“Doyle’s work, thus, with this invaluable edition, emerges from the shadowy margins of scholarly research done for its own sake into the spotlight of mainstream contemporary intellectual developments. This work marks a major contribution both in semiotics and in the general history of philosophy. For the Conimbricenses on signs is a part of the whole of the Latin Age, the ‘medieval period’ separating ancient Greek thought, first from modern philosophy, and now from the postmodern development wherein the lost Latin centuries between Ockham and Descartes are recovered and restored to their rightful place as an organic part of the overall medieval development. This development began indeed with Augustine but, after all, neither wholly culminated in Aquinas nor terminated in Ockham.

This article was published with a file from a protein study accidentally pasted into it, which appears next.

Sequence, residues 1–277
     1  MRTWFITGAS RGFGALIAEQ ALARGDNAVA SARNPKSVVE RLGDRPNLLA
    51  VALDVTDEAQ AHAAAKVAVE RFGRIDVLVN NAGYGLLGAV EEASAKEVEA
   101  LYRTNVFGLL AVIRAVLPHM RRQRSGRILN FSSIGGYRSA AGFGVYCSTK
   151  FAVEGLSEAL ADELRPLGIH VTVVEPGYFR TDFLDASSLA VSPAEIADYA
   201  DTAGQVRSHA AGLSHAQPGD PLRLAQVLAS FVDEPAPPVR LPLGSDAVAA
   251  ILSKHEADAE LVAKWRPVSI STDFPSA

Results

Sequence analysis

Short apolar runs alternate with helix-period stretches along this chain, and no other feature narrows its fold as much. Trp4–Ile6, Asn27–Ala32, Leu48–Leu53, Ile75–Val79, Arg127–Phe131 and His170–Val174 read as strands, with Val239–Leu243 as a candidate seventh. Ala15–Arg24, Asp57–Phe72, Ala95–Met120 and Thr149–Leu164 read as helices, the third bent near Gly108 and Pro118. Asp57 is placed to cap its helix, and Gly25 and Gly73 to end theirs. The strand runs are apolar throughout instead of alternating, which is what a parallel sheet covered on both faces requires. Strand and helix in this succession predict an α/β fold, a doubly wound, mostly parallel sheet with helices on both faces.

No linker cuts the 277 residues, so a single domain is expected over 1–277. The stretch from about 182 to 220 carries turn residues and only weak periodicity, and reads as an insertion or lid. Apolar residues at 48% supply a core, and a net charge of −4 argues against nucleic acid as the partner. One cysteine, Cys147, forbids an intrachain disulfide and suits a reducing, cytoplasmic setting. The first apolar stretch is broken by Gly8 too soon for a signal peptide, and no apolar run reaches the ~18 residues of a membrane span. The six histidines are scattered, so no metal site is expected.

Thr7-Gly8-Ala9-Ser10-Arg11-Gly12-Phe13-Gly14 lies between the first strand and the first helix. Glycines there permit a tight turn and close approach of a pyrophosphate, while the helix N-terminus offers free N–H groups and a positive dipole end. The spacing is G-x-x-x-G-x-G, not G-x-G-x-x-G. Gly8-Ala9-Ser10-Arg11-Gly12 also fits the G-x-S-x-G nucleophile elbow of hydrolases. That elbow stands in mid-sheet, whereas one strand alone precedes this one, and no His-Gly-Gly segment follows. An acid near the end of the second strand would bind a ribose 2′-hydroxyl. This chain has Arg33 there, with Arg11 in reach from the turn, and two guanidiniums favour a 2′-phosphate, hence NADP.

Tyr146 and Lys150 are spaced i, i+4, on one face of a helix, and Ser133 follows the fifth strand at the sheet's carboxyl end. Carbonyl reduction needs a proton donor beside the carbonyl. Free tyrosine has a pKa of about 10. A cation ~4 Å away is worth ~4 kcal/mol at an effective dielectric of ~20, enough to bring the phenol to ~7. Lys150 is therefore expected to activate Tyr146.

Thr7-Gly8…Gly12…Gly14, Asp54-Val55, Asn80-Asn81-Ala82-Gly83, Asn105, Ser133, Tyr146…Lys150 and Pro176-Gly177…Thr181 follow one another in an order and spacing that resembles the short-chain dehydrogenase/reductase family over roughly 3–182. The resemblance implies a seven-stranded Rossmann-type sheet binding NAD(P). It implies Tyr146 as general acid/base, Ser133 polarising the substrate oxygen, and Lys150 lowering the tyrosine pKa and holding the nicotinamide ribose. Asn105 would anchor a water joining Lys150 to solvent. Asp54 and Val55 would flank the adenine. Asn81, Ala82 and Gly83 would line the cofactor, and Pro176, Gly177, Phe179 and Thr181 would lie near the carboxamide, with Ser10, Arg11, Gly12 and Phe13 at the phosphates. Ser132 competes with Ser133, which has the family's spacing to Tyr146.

For the outstanding contribution made in this edition before us, no longer only professional academicians are in Professor Doyle’s debt, but all the students of philosophy and intellectual history in general. This work is a major piece in the puzzle of what happened to philosophy between Ockham and Descartes, and ensures that Professor Doyle’s scholarship will receive the wide appreciation it deserves.” —John Deely, University of St. Thomas, Houston
John P. Doyle for the last 38 years has taught graduate courses in Latin Scholasticism at St. Louis University. In addition to the present volume, he has published five more volumes of translation (including three from Suárez) and has produced over 50 articles, essays, and encyclopedia entries, dealing with Suárez and other figures and themes in medieval and post-medieval philosophy.